Mass Bleaching Hits Great Barrier Reef Again: Like Watching Louvre ‘Burn To The Ground’

The iconic structure was hit with devastating, back-to-back bleaching in 2016 and 2017.

SYDNEY ― Australia’s landmark Great Barrier Reef is undergoing dramatic levels of coral bleaching for the third time since 2016, spurred by record heat that has left scientists lamenting one of the world’s crown jewels is drying en masse yet again.

“Australia’s lead management agency for the Great Barrier Reef can confirm mass bleaching is occurring on the Great Barrier Reef, with very widespread bleaching detected,” the country’s Great Barrier Reef Marine Park Authority said in a statement Thursday. “Actions to support the resilience of the Reef are now more important than ever. Climate change remains the single greatest challenge to the reef.”

The report is bad news for the barrier reef, which is still recovering from a series of devastating, back-to-back mass bleaching events in 2016 and 2017. Coral bleaching most often occurs when ocean temperatures are too warm for long periods of time, effectively cooking the delicate structures and leaving them weakened and sick. They can recover if temperatures go back to normal, but will die if the ocean doesn’t normalize.

That happened in both of the last two mass bleaching events, and scientists likened the period to an underwater apocalypse.

2019 was no better in terms of temperatures. It was the second-hottest year on record and the world’s oceans were the warmest in recorded history, a trend that continued into this year. In February, average sea temperatures on the reef were the highest on record going back to 1900, in places 1.25C above normal, per The Guardian.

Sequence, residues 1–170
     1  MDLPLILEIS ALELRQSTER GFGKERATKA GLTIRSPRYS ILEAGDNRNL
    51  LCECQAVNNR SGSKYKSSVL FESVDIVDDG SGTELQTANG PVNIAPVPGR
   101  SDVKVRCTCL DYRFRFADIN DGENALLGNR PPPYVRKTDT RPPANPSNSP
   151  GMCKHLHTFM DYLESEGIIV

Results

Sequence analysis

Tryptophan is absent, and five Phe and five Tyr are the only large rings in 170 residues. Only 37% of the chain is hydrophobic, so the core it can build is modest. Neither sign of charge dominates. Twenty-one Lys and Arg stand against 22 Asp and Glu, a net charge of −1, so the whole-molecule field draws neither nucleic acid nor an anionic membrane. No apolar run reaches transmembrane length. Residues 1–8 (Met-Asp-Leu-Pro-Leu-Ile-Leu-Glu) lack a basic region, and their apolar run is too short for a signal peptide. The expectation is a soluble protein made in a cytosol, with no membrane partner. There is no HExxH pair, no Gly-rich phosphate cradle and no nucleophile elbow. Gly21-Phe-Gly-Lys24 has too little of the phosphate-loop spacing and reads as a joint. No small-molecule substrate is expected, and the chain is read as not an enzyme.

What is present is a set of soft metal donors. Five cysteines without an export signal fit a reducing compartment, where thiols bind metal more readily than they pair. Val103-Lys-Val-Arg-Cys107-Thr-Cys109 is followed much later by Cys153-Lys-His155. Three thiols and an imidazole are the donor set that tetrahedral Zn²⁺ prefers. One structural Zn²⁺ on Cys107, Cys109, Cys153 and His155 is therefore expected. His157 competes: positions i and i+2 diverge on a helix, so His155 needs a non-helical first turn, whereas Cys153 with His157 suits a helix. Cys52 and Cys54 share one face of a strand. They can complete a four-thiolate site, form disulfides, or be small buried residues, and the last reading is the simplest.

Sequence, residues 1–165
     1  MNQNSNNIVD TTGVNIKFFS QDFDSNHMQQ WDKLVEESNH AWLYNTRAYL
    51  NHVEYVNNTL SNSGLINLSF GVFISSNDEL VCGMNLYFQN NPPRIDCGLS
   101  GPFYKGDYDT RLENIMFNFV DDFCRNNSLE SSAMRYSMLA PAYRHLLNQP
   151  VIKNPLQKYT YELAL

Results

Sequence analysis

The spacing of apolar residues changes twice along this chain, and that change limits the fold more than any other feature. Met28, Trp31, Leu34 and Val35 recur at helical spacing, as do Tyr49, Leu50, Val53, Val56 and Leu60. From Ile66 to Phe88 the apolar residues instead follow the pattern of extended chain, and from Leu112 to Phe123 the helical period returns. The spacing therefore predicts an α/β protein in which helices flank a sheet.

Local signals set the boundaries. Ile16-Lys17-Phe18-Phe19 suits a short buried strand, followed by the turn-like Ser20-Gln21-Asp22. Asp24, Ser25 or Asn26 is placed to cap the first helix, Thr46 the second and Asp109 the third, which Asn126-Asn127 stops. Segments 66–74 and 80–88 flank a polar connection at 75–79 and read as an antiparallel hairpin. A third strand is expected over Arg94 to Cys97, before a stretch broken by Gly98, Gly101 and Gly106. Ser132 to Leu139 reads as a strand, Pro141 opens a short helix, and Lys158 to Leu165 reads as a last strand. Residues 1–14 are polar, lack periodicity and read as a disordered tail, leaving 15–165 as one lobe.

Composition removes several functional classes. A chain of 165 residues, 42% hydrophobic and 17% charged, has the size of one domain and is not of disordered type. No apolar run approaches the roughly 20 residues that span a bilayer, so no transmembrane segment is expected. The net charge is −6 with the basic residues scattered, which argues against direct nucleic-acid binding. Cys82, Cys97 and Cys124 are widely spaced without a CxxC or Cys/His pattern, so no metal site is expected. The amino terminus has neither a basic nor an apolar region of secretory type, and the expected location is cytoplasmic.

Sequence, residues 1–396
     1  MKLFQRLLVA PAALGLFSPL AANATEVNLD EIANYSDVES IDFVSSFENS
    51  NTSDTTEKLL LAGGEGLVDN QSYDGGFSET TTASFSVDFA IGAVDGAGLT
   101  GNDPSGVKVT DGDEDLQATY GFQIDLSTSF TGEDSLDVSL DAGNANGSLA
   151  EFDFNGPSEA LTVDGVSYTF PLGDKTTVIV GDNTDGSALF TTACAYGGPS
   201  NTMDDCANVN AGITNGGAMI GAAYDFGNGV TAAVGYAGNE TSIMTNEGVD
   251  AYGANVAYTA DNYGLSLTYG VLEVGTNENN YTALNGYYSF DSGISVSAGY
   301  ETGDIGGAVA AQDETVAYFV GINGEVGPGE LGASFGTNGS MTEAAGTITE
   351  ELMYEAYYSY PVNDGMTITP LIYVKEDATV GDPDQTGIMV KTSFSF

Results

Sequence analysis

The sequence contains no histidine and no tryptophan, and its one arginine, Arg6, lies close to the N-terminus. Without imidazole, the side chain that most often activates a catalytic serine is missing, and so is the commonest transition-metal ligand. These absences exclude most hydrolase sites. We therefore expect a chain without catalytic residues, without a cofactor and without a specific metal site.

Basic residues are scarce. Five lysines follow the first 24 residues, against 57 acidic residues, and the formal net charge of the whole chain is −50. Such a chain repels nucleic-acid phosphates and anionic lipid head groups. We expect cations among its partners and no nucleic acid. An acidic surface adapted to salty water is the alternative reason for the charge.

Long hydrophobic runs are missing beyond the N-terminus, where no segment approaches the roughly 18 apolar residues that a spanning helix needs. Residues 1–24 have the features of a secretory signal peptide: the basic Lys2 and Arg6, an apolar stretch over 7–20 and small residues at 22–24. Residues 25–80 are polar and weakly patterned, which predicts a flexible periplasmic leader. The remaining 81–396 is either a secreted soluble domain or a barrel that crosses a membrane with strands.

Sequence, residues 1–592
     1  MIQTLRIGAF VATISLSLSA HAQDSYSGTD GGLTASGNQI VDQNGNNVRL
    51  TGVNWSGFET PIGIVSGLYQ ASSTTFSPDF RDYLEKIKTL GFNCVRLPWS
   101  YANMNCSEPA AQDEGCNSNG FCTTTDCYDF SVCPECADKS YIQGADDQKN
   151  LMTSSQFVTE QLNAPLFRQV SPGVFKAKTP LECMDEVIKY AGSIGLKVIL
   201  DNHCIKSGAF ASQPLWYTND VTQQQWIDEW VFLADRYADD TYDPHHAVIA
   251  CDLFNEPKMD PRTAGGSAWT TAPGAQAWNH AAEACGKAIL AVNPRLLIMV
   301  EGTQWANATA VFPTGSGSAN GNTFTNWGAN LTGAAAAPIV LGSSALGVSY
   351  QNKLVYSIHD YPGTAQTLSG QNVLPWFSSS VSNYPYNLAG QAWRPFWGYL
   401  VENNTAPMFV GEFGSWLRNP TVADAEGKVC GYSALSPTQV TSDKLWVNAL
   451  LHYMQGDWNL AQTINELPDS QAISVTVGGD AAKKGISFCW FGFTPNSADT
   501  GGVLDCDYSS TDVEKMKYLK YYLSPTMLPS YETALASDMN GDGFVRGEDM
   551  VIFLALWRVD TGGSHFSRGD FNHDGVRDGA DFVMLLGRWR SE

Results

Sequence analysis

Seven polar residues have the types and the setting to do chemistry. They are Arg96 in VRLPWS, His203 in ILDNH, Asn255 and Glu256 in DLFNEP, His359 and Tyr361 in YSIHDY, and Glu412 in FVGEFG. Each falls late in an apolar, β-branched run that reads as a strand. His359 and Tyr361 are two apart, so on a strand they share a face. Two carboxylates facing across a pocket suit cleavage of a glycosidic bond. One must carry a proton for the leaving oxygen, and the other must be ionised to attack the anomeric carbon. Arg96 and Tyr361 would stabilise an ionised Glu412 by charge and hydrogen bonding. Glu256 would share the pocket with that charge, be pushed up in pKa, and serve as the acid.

Terry Hughes, director of the ARC Centre of Excellence for Coral Reef Studies, has been leading this year’s round of aerial surveys of the reef for the past two weeks. The results so far are staggering: widespread patches of ghostly white coral have been “heartbreaking,” stretching up and down Australia’s east coast.

“It’s been a shitty, exhausting day,” Hughes wrote on Twitter on Thursday. “I feel like an art lover wandering through the Louvre… as it burns to the ground..”

Hughes has monitored more than 800 reefs, an effort he dubbed a “marathon” with just a few flights left to go.

The GBRMPA said that the corals impacted by the mass bleaching may recover, but issued bleak predictions for reefs deeply affected by the dramatic levels of heat.

“It is important to remember bleached corals are not dead corals — on mildly or moderately bleached reefs there is a good chance most bleached corals will recover and survive this event,” it wrote. “Equally, on severely bleached reefs, there will be higher mortality of corals.”

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